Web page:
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I know Christianity at a glance as I haven't read the Bible thoroughly from start to finish. I haven't found bad things Jesus taught us. But I have a crucial question to raise my confidence in believing Jesus as my savior. The question is

Is there a mentioning (in the Bible) about why god exists?

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You might find it more fruitful to ask, Why did God become man? (To seek and save the lost!) In other words, I think you'll find more answers if you ask What was God's purpose in interacting with his creation, moreso than why he exists. I exist because of the will of the flesh (i.e. my parents desired a child... well, sort of, but I digress), but that doesn't really answer why I came about. How much harder would it be to answer why God, who has no parents, exists. –  Affable Geek Mar 15 '12 at 4:23
    
Good question... –  Greg McNulty Mar 15 '12 at 15:04

4 Answers 4

up vote 13 down vote accepted

The Bible assumes God exists. It begins with:

Genesis 1:1 ESV

1 In the beginning, God created the heavens and the earth.

Not answering the question "Why", but simply having God as a premise.

I heard Ravi Zacharias say once. That in the Occident that we asked the question if we should believe in God, but in Orient they ask which god you believe in. In Orient they take for granted that you will believe in something.

Since the Bible was written in the Est and during an age where atheism and skepticism was not what it is today, I ,personally, find it normal that they did not answer a question that was not in their mind and in their reality.

Since the vast majority of the people at the time of the writing of the Bible believe in some God the Bible defines God, it does not explain the reason why.

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nicely put...... –  Greg McNulty Mar 15 '12 at 15:00

This may sound like a cop out, but God precedes "why?".

You might had well ask, why does the question "why" exist.

The moment you bring God into our earthly view, you change who God is by limiting Him. He is eternal and unchanging. He exists even if the Universe disappears and all the laws of Physics with it.

Have you ever tried to imagine nothing? It is like that. We can't go there, it is actually impossible to imagine nothing. Yet, that is where you must start to have the perspective to understand why God exists. I love that God told Moses His name meant "I am" (yea, lots of translations). Maybe that is the answer, God exists because He IS.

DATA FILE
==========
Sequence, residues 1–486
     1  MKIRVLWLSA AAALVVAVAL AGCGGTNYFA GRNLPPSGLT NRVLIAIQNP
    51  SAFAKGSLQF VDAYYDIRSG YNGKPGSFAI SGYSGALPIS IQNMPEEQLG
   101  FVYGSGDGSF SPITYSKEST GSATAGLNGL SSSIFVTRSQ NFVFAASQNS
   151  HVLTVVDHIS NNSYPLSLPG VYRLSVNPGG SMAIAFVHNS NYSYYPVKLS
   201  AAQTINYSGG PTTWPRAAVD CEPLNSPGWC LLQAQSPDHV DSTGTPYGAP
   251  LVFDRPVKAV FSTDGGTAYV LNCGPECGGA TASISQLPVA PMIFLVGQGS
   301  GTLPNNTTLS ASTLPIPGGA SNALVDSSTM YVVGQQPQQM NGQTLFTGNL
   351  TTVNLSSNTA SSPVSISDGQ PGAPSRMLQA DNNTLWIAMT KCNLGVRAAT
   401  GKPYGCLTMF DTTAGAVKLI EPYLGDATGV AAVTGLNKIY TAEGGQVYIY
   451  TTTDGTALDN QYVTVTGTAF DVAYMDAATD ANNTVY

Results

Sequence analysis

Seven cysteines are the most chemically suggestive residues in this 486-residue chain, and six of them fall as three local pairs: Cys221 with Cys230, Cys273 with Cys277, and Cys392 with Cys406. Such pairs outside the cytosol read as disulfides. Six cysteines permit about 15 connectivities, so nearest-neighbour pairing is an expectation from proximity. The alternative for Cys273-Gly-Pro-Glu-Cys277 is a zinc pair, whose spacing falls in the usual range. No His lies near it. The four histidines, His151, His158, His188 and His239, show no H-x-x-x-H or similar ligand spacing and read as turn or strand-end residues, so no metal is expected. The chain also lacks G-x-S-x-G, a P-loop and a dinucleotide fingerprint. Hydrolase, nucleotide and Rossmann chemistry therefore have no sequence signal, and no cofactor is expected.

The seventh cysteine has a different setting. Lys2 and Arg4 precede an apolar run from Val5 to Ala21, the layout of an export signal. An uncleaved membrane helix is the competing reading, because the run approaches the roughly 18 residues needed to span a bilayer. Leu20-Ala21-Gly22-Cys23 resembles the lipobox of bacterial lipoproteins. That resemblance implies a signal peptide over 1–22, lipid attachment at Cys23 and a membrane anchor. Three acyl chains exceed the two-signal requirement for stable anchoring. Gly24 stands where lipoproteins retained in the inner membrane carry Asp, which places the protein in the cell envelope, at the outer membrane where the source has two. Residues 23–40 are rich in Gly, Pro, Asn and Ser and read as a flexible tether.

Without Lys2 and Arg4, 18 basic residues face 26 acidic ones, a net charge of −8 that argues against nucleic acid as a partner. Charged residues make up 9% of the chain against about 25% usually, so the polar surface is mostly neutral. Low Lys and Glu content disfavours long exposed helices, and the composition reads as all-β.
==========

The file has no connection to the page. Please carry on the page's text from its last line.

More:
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So there is no such a mentioning, right? –  Please don't touch Mar 15 '12 at 8:00
    
I'm sure the answer to the question is "No, there isn't," but that's not particularly helpful! ... To expand on @Hammer's answer, you might just as well ask, "Why does the universe exist?" Without God, there is no answer -- there is an answer perhaps to "How" but not "Why". With God, the answer might be simplistically "Because God is love and he wanted to create something to love and so had to make an environment for his creature." God is outside our universe of experience: so even if there were an answer to "Why God?" we wouldn't be able to comprehend it. –  Andrew Leach Mar 15 '12 at 8:39
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"Without God, there is no answer" - I'm not sure that is a valid assertion; we do not currently have clear data for a precice answer, but that does not mean that there is not one, nor does it mean that we won't be able to find it if it exists. I also don't think that introducing God here actually provides any kind of meaningful/valuable "how" or "why" answer to the question. –  Marc Gravell Mar 15 '12 at 9:06
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How important is the answer for us? For me, it is the starting point to make the next steps. –  Please don't touch Mar 15 '12 at 11:05
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@Hammer then I'd say they are great and important questions, that are worth of good answers. So let's find the actual answers, and not just make things up ;p –  Marc Gravell Mar 15 '12 at 14:15

http://en.wikipedia.org/wiki/I_Am_that_I_Am

To ask why X exists is to inquire about the causes of X coming into being, it is to suppose there is a source, or creator, of X with some motivation for bringing about X.

God is, by definition, uncreated - the uncaused first cause. He is existence. Everything else that exists does so because of Him.

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By assuming universe is uncreated then it will be "illegal" to ask why the universe exists? –  Please don't touch Mar 15 '12 at 15:31
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@DamienWalters - Not illegal, illogical. Something eternal has, by definition, never not existed. It helps me to remember that time itself is an attribute of creation. –  kurosch Mar 15 '12 at 15:35
    
Yes. I meant illogical. Thanks. –  Please don't touch Mar 15 '12 at 15:40

Working backwards from one of my favorite verses, Hebrews 11:6 -

Hebrews 11:6 (NIV)
6 And without faith it is impossible to please God, because anyone who comes to him must believe that he exists and that he rewards those who earnestly seek him.

Clearly, here, for man's purpose, in regards to God's existence, is to believe that he is and that he is good. From the perspective of man, God's existence is to be that object of faith that pleases God.

My training is to read the Bible as a character study in who God is, and given who God is, what implications that has on man. In this perspective, God's existence is assumed, and the implication is that his existence provides an object for faith. Turning that around, as the question presumes, is linguistically tortured, but still valid.

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